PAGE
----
In the highest-level conference yet on climate change, 100 world leaders come to the United Nations on Tuesday to decide how to start an energy revolution. While attention turns to U.S. President Barack Obama's first U.N. speech, the most substantial changes may come from what the presidents of China, India and other major economies spell out for billions of people and their households, businesses and farms in the decades ahead.
A European Union court advisor said Tuesday that Google Inc. does not violate luxury goods makers' trademarks when it sells brand names as advertising keywords triggered by Internet searches. The advisor's legal opinion will now be studied by judges at the European Court of Justice, which has been asked to tell a French appeals court how to apply EU trademark law
The California Energy Commission proposes to make changes to the Appliance Efficiency Standards contained in the California Code of Regulations (CCR), Title 20, Sections 1601 through 1608. The proposed energy efficiency standards would cover new televisions offered for sale in California beginning in 2011 and 2013.
NEW YORK - Wireless carriers shouldn't be allowed to block certain types of Internet traffic flowing over their networks, the chairman of the Federal Communications Commission chairman said Monday in a speech that figures to provoke a fight with the industry.
For bored commuters with already bulging pockets, a shirt design company has come up with the perfect solution to keep them entertained on the trip to work – a commuter tie with a hidden iPod storage pocket. Thomas Pink, the British shirt brand, is introducing the Commuter Tie as part of its main line for the autumn and winter
Antitrust regulators on Monday detailed evidence from Intel clients that led to the European Commission's record 1.06 billion euro ($1.6 billion) fine on the U.S. chip giant for illegally shutting out rival AMD.
Dell Inc. said Monday it has agreed to buy the information technology services company Perot Systems Corp. for about $3.9 billion as it looks to expand beyond the personal computer business.
With their advertising revenue drying up, newspaper publishers spent much of the spring and summer debating whether to cut off free online access to some of the material they run in their shrinking print editions. It looks like the talk will turn to action this fall, when some large newspapers are expected to put up Internet toll booths. They'll be testing readers' willingness to pay for information and entertainment that mostly has been given away online for the past 15 years.
The 10-year search-engine deal between Microsoft and Yahoo is under scrutiny. The July 29 deal between the two behemoths is being closely monitored by U.S. antitrust regulators, and both companies are in talks with officials in the European Union.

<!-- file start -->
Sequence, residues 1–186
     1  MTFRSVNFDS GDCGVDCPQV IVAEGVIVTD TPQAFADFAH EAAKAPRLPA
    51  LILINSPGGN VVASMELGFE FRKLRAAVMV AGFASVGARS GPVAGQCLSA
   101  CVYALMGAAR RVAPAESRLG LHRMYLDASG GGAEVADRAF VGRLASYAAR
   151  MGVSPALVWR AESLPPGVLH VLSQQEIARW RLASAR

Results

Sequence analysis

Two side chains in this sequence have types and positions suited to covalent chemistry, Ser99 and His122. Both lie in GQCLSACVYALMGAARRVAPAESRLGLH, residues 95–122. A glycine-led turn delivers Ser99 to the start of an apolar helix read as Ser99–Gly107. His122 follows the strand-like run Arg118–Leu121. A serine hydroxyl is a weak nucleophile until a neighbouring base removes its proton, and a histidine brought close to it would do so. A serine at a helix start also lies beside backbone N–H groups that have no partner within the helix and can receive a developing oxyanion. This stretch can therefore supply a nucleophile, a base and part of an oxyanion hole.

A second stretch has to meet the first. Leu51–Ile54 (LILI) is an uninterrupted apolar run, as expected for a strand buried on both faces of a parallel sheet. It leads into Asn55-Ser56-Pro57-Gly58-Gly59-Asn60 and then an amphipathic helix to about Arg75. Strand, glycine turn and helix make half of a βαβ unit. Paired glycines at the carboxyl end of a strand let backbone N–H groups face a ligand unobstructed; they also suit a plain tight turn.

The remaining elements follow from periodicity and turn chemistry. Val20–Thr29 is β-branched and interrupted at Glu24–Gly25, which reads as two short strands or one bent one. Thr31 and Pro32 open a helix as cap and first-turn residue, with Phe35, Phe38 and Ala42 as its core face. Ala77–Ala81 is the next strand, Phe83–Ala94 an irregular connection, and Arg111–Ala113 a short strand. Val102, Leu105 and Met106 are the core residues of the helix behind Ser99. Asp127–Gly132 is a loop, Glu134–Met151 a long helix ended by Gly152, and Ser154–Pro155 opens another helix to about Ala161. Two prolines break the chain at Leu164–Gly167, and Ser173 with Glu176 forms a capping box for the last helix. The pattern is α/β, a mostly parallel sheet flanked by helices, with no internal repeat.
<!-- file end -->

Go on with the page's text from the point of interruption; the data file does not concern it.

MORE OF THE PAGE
The head of No. 3 U.S. mobile service Sprint Nextel Corp (S.N) said on Thursday that it is fair for the U.S. government to ask whether handset exclusivity deals should have time limits. Sprint Chief Executive Dan Hesse said
Google Inc. is counting on the crown jewel of its online advertising empire to burnish a diamond in the rough. Hoping to take an even bigger bite out of ad budgets, Google has melded the technology powering its lucrative search marketing network with a system that it bought 18 months ago to sell online billboards and other more visual commercials, including video.
Microsoft Corp on Thursday filed five civil lawsuits in Seattle, Washington against alleged "malvertisers." Malvertising is the term used to describe harmful online advertising and works by camouflaging malicious code as harmless online advertisements, Microsoft's associate general counsel Tim Cranton wrote in a blog.
Astronomers have found the coldest spot in our solar system and it may be a little close for comfort. It's on our moon, right nearby. NASA's new Lunar Reconnaissance Orbiter is making the first complete temperature map of the moon. It found that at the moon's south pole, it's colder than far away Pluto. The area is inside craters that are permanently shadowed so they never see sun.
Ending a three-year flirtation with free online content, Variety newspaper plans to put some of its Web site content behind a "pay wall" that will require a paid annual subscription, its publisher said Thursday. The changes at the Hollywood trade publication will take place early next year and come with new online features such as a better archive, publisher Brian Gott said.